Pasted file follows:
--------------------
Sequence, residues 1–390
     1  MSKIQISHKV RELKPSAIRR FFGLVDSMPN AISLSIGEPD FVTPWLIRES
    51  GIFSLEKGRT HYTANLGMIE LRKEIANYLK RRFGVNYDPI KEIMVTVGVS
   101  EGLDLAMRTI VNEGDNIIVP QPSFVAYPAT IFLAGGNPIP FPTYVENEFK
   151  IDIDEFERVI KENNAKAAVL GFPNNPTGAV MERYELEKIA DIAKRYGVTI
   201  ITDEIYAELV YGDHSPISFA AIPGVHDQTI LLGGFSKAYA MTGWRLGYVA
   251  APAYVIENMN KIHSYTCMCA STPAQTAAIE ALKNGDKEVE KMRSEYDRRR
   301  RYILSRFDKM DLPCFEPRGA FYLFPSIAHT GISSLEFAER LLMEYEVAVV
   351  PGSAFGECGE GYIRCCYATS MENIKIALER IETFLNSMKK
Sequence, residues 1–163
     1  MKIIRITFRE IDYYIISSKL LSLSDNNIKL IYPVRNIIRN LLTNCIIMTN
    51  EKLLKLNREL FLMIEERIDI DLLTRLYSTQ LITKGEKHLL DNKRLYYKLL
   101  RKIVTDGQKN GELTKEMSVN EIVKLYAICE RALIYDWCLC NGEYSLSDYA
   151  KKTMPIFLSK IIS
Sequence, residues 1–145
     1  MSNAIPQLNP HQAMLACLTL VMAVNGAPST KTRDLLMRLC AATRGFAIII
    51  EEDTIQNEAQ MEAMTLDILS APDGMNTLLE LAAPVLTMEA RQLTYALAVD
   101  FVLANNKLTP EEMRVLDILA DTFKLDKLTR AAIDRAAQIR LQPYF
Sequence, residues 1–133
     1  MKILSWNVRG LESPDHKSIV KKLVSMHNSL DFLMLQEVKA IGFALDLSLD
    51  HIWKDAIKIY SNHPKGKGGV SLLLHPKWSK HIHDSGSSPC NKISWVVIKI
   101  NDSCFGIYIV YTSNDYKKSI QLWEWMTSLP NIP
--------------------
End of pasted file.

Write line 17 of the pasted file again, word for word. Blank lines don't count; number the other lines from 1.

    51  EEDTIQNEAQ MEAMTLDILS APDGMNTLLE LAAPVLTMEA RQLTYALAVD